The Recruitment of the Scottish Regiments by Donald C.E. Gorrie MA.

I am working on a Ph.D. thesis on the recruitment of the Scottish Regiments – probably from 1756 to 1899. Some MacDonalds interested in family history may be able to help me with details about their ancestors. As one part of my study I am trying to build up a brief life history of as many soldiers (and sailors) of all ranks as possible, to show their place of birth, profession, where enlisted, if married, details of military service duration, wounds, why discharged etc.- and where they settled afterwards.

The aim is to discover what sort of people enlisted or took commissions, where and why, the career structure in the army – promotion, expectation of death, rewards (if any) – whether veterans returned home or settled elsewhere and so on. While there are many books on the daring deeds of the Scottish regiments, there has been little study of the social effects and causes of recruiting. Were the Highland Regiments full of Highlanders, Glaswegians or Irish? Were their city recruits former Highlanders now out of work? How far did the Lowland regiments retain their Scottish identity and recruit locally? Why did so many men prefer to stay and probably soon die of disease in India or the West Indies when their regiments returned home? What percentage of the gentry entered the forces? The questions are endless.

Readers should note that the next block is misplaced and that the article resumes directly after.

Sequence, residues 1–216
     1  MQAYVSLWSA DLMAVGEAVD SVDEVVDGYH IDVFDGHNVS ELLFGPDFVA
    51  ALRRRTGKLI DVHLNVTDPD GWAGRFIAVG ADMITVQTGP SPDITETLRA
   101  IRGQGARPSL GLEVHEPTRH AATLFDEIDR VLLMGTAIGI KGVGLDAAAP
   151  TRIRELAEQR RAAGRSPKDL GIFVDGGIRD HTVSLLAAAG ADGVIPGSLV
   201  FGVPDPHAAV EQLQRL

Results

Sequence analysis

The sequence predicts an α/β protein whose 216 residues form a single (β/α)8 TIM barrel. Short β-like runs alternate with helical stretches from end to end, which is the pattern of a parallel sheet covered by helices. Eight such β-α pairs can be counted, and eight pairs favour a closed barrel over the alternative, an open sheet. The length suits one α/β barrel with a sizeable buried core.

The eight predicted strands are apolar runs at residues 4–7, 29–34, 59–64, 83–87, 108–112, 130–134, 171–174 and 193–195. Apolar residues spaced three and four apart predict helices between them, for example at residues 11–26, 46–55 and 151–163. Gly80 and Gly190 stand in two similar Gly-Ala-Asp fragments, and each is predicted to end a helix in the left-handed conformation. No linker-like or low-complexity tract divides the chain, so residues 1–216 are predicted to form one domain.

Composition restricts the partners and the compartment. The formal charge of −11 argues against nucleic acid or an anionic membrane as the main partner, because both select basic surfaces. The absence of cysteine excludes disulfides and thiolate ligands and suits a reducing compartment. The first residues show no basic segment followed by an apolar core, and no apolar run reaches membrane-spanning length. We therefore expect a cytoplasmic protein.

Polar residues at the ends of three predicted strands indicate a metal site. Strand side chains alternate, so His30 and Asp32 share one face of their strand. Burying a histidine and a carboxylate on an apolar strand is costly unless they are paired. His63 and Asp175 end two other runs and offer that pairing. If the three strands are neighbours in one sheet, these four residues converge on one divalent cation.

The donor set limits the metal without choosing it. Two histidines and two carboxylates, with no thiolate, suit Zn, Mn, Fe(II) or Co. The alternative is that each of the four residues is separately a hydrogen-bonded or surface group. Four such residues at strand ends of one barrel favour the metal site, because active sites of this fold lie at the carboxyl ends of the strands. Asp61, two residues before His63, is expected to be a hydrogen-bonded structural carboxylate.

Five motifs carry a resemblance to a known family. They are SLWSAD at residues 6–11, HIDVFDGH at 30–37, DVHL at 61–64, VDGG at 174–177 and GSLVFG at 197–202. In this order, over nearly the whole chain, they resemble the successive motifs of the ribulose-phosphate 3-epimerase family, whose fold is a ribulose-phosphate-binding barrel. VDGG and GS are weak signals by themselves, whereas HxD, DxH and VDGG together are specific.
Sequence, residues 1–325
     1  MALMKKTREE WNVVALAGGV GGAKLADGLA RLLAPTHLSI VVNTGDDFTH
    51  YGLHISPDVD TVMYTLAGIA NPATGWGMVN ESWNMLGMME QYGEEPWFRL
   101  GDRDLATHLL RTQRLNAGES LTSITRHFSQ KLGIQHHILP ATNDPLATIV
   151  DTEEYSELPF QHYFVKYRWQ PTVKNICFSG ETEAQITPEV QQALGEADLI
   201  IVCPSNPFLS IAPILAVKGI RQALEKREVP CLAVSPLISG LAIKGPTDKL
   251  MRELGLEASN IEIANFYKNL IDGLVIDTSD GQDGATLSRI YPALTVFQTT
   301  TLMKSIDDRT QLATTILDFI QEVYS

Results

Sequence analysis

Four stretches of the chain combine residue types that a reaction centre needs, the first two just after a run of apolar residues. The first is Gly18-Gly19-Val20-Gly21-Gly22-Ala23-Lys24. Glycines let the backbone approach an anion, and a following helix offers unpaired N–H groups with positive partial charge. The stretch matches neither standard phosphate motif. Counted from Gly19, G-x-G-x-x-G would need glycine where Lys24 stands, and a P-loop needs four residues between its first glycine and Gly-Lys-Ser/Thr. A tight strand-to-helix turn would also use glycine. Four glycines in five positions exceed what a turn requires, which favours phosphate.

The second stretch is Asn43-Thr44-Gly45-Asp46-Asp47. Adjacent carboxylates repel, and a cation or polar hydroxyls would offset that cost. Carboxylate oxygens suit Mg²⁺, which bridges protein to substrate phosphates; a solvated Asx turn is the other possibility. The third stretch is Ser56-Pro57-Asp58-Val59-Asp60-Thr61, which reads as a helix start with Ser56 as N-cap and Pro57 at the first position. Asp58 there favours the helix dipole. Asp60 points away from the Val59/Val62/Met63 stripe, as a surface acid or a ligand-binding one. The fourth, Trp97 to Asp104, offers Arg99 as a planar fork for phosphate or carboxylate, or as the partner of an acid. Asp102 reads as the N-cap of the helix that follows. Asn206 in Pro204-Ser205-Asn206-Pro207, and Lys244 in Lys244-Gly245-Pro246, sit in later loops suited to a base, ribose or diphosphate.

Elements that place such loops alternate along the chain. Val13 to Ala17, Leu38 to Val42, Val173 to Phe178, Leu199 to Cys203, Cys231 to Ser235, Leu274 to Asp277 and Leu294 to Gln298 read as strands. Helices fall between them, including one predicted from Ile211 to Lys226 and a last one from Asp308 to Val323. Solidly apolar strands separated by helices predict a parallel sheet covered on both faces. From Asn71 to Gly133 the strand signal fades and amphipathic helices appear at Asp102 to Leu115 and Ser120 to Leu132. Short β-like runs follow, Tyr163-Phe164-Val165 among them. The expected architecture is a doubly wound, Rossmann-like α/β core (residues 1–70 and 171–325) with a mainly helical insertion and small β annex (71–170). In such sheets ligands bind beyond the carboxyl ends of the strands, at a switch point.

For those entering this field from the family historian’s point of view, the best hunting ground is the Public Record Office in London where many old muster rolls are kept. Some regimental depots also have a few old lists. Officers are easier to trace, with the annual Army Lists available as well as lists in some regimental histories and depots. It is a matter of chance whether the lists you need, especially of rank and file, still exist. Until well into the 19th century regiments took all their records about with them, and left them behind when retreating in a hurry – which they often did, despite the all-conquering impression given in some school history books – or they might lose them through shipwreck, fire or earthquake. The records of the many regiments raised for a particular war and disbanded at the end of it are especially sketchy.

The best starting point for study of this subject is Stewart of Garth’s “Sketches of the Character of the Highlanders” (1822) and Keltie’s “The Scottish Highlands” (1875). Apart from regimental histories, some good regional studies exist, such as “The Military History of Perthshire.” edited by the Marchioness of Tullibardine, and J.M. Bulloch’s works on North East Scotland.